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American Paradise Regained

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R.E.M. - Reckoning (IRS)

WHEN I hear the word 'plangent' I reach for my applause button. Which is why 'Reckoning' and its predecessor, last year's 'Murmur', confirm R.E.M. as one of the most beautifully exciting groups on the planet.

It would be naïve to deny that enjoyment of these vinyl cathedrals is untouched by love of the tradition from which they spring - the soaring trajectory from The Beatles 'Hard Day's Night', through The Searchers to America's electric Dylan and reaching an apogee in West Coast laureates The Byrds, Jingle-jangle merchants have followed - '70s British pub-rock, the likes of Dwight Twilley, Orange Juice at times, and a whole new generation of 12-string choristers. But none have devoted themselves with such inspiration to the driving, towering purity to bye found in the fullness of what is demeaningly called space-folk guitar music. When I get to heaven, the angels will be playing not harps but Rickenbackers. And they will be playing songs by R.E.M.

Drugs don't come into it: there's no need for a head full of snow or funny pills to groove into the spirit of R.E.M. It's to do with America, the journey west to the Promised Land with nothing buy a shimmering horizon ahead and a blazing, deep blue sky above. And though R.E.M. address themselves particularly to America the country, they resonate beyond that to signify America the state of mind; a Garden of Eden before its loss of innocence, its fall from grace.

It seems no coincidence that R.E.M. hail from Georgia in the New South, the paradise to be regained after California was lost. Wheel me out frothering if your like, but R.E.M. sing wistfully of a Golden Age hat never was. Though even the most part-time romantic wishes it had been and hopes, in some tiny moment of nirvana, it will come again.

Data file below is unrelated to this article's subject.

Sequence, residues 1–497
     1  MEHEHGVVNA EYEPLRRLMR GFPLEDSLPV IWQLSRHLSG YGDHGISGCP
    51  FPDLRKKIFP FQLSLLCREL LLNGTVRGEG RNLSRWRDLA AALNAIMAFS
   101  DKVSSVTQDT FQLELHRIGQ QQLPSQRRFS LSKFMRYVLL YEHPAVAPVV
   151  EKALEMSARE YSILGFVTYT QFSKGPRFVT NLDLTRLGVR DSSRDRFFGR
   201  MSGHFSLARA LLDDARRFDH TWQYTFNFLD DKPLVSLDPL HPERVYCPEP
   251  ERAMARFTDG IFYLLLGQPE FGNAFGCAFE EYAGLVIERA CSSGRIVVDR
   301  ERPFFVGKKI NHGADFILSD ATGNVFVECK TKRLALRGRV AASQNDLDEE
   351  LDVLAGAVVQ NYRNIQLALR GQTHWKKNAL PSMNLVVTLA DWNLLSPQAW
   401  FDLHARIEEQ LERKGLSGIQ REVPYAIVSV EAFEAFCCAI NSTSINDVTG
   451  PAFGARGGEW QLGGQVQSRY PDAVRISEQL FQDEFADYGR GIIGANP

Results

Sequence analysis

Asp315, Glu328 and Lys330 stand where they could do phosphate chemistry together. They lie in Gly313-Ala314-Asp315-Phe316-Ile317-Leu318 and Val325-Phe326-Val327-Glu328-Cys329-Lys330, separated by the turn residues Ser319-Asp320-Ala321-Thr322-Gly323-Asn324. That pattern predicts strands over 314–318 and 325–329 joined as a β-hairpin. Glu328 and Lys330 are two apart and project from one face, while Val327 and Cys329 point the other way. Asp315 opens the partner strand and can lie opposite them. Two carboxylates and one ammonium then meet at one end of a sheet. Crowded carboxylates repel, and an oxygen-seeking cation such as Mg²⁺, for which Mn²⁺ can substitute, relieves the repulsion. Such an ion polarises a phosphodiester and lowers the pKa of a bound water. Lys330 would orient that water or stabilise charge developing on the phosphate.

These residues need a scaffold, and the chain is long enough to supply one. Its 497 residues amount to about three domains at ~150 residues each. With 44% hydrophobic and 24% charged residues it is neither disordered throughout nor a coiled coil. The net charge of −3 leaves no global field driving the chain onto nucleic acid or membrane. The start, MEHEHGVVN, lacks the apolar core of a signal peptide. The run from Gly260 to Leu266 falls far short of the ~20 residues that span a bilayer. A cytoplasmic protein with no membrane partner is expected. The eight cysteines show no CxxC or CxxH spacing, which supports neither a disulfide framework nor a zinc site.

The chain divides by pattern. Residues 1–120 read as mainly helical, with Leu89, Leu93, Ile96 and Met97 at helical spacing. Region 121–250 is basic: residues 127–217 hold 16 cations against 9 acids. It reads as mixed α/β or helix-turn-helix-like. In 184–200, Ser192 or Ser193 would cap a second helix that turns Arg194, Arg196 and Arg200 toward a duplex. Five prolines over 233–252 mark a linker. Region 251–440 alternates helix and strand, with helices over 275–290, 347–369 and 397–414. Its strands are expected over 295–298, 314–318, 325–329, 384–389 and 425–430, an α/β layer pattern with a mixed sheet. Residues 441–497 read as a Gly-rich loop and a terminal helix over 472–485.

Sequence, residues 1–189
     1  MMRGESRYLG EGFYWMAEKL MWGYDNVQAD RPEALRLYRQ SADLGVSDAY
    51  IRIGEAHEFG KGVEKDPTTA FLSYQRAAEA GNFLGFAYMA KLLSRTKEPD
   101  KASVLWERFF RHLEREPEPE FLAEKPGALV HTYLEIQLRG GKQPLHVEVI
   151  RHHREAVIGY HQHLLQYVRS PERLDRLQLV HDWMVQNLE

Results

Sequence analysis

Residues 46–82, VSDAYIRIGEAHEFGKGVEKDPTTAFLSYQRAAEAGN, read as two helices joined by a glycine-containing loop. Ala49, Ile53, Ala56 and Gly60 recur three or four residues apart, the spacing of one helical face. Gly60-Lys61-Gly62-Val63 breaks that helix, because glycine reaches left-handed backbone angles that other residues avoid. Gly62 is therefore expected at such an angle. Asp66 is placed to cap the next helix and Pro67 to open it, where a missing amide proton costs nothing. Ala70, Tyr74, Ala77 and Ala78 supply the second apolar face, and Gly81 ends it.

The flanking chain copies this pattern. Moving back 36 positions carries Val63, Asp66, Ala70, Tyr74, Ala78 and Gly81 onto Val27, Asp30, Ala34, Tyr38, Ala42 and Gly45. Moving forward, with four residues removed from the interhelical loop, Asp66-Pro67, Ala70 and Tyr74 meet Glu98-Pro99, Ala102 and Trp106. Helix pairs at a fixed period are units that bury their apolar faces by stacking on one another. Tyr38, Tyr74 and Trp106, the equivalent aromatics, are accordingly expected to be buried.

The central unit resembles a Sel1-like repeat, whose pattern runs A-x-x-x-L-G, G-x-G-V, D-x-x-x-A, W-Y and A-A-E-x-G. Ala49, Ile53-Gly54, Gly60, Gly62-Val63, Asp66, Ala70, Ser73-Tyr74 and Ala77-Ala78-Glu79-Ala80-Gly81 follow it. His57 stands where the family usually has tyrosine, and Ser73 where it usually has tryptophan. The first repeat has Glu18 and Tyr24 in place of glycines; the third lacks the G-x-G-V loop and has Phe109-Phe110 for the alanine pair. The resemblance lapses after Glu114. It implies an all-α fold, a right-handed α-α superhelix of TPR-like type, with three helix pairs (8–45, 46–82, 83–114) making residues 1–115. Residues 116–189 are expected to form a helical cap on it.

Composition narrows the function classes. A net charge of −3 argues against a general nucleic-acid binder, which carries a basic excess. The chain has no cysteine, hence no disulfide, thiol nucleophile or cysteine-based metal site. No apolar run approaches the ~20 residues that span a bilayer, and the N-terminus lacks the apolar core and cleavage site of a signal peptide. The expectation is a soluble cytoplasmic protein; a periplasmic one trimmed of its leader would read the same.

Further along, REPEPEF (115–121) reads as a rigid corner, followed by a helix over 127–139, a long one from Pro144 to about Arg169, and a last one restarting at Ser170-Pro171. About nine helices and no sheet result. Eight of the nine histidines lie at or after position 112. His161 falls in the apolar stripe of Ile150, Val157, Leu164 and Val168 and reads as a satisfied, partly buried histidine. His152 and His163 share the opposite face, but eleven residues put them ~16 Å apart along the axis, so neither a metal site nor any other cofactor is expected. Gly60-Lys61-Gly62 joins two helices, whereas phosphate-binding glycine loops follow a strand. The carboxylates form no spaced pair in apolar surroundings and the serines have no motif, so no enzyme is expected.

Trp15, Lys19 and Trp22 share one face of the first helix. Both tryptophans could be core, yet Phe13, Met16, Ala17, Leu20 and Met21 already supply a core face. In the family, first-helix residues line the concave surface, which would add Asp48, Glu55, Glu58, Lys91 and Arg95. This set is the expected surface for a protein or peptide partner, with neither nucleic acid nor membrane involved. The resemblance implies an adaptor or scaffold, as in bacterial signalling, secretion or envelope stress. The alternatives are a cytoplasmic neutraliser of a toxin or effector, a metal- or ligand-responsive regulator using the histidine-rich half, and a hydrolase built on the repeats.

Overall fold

To particulars, With 'Reckoning', R.E.M. have dispensed with the discreet strings and profusely interlocking layers of intstrumentation and vocal harmonies that characterised 'Murmur' and returned to the terser sound of the first EP 'Chronic Town' which was displayed live earlier this year with such breathtaking brilliance. But spartan it isn't. No modern axehero; yet Peter Buck shows why he is perhaps todays greatest rock guitarist; both economically precise and rich in timbre and immaculate in timing and dynamics, his guitar sings.

Also at the top end of the mix, Michael Stipe on vox emerges a little further from his shell of 'Murmur's' gnomic utterance and occaisional fragments of chorus keening with bright eyed rapture. Yet so much more is conveyed in the interplay of aching, troubled voice, soaring harmonies and ringing guitars than in literal pronouncement, however assiduously Dylanologist you mayb bein in its unpicking.

Special mention goes to 'Time After Time', which demonstrates the God-given truth hat there are few more noble expressions of the soul than really well played raga-rock. And those kohl-eyed transexuals out there who regard this last remark as a load of neo-hippy garbage had better check out 'All Tomorrows Parties' by their beloved Velvet's.

Exceptional in its lyrical clarity is 'Don't Go Back To Rockville', a song of love, home and the new poverty ironically set to a golden delicious country tune.

So full circle. The Byrds best albums -'Fifth Dimension' and 'Younger than Yesterday' - were of their era yet still exhilarate today. R.E.M.'s two LP's are more consistently brilliant still, and, by picking up where McGuinn and co. left off, R.E.M. somehow transcend period fetishism to make music similarly in tune with the times. In short, another classic.